The gradual reopening of hospitality over the past few weeks has been a significant signal of better times – meeting friends, enjoying food and drink that you cannot have at home and generally soaking in the feeling of the return of normality.
However, behind the scenes, a staffing crisis within the sector is a real challenge.
Hospitality does have a reputation of staff working long, antisocial hours and dealing with difficult customers as well as it being a somewhat physically demanding and often low-paying job. A year of uncertainty, furlough, increased risk of infection and last-minute closures has only exacerbated these issues as jobseekers may be avoiding the sector in search of more stable and safer employment. Furthermore, Brexit has caused many European nationals previously working in the industry to return to their home countries.
As the country reopens to both citizens and international visitors, an adequately staffed hospitality sector is essential not just for the industry, but for the wider supply chain. To attract and retain staff, it is now vital that employers are making a conscious effort to support employee wellbeing and offer additional staff benefits to attract and retain workers.
Some businesses have increased wages and offer other financial incentives and while this is a good move for an industry that is known for low wages, support for hospitality employees should go beyond this. By being creative with their employee benefits offering, employers will improve staff satisfaction, morale and retention which may be crucial to the survival of their business.
It is no secret that hospitality staff frequently come under fire from disgruntled customers and that these exchanges can be unkind and may leave team members upset, low and feeling less resilient. Similarly, amid busy service tensions between staff can run high and lead to stressed encounters between colleagues.
Offering stress and resilience training will give staff the tools they need to handle difficult situations, reduce the effects they have on them and allow them to protect their mental wellbeing while developing their confidence.
Employees can take an active part in developing their own resilient mindsets by discussing issues with supervisors and by reframing challenging situations to look like a learning opportunity and to discuss ways to grow and develop as an individual and as a team.
Employers can also support staff resilience by recognising that they have handled a difficult situation well and reassuring them that it is not necessarily a reflection of them or their capabilities. In combination with mental health resources, stress and resilience training will go a long way in protecting employees’ wellbeing.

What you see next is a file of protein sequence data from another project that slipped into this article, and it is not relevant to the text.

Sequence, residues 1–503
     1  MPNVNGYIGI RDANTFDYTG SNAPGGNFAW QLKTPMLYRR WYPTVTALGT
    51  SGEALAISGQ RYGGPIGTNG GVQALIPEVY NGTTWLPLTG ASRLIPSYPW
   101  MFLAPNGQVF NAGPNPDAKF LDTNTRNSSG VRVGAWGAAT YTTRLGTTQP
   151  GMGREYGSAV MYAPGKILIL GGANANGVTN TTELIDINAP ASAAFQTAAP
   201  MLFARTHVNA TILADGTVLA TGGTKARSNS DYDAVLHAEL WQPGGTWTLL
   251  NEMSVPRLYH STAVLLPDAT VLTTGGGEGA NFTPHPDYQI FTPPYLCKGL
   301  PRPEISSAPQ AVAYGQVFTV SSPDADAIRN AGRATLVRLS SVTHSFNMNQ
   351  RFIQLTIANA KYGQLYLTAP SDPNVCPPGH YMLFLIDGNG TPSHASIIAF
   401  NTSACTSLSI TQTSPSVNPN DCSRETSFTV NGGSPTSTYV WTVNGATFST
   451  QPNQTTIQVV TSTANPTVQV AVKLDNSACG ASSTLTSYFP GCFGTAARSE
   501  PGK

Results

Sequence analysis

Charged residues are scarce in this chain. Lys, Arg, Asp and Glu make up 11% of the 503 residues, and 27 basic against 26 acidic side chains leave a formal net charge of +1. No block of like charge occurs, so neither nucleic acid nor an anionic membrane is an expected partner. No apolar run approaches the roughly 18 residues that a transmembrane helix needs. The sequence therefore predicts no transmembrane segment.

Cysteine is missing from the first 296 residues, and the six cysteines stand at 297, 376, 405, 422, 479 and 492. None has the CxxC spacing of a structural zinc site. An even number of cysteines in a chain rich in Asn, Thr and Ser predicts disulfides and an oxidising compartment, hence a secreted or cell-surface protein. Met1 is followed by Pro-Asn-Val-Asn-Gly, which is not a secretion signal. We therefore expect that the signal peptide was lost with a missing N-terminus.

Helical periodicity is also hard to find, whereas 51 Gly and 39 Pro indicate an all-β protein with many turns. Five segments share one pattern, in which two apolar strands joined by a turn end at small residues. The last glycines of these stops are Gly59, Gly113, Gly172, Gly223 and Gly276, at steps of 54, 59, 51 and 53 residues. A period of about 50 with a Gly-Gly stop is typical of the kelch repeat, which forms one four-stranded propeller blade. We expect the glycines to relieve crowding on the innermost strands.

Talks and workshops offered by Wrkit will give teams the tools they need to grow, develop resilience and manage the challenges that they face throughout the day through practical workshops and coaching sessions.
In addition, the self-help tools on the POWR platform will help employees build resilience and improve wellbeing. The platform allows employees to take control over their health and wellness through Self Awareness, Goal-Setting and ongoing Self-Monitoring.
Recognition is not just a tool to build resilience, but it also makes employees feel valued in their role which improves overall job satisfaction.
Wrkit’s recognition module is a fantastic tool for promoting this and creating a culture of mutual support and celebration between the team to help everyone to feel appreciated and respected. This should span from management down and between both back and front of house staff.
Spending hours on your feet, working busy shifts and keeping on top of what customers need and want throughout the day sounds exhausting, but in reality, it stimulates your brain and makes it hard to transition out of “work mode”.
Employers should encourage staff to unwind at the end of their shift, whether that is sitting down and having a drink before going home, providing a quiet space to sit at the end of the day and process the shift before leaving, or giving access to mindfulness or meditation tools.
These switching off practices are especially important for employees working late night shifts as failure to do so could leave them awake until the early hours of the morning and not getting enough rest.
Sleeping and resting
The hospitality industry is known for long, late hours and often a lack of breaks. While it is understandable, especially in the face of a staffing crisis, that staff cannot always take a break during a busy service, managers must ensure they are doing everything in their power to give their staff a reasonable amount of downtime.
Getting a good amount of sleep is critical to performing well at work and maintaining mental wellbeing. Late-night hospitality venues in particular must consider this. Avoid putting staff on shifts that require an early start after a late finish and explore options to help staff rest quicker after a shift, such as mindfulness or meditation resources.
Megan Sowney, Wrkit’s UK Managing Director, said: “Hospitality staff face challenging situations every day, but these challenges have been amplified in recent weeks. The public have missed eating and drinking out, so have descended on establishments in huge numbers. This combined with staffing issues means that hospitality workers are working incredibly hard, and this is likely to take its toll on mental health.
“Employers must ensure they are taking care of their staff, or they could end up losing them to other businesses or industries, which could have dire implications. The hospitality industry needs staff to operate, and it needs staff who are not burnt out to run well.
“Businesses that look after the wellbeing of current staff, re-evaluate the current industry standards and offer an attractive employee benefits package will enjoy higher levels of retention and an improved employer reputation, aiding recruitment.”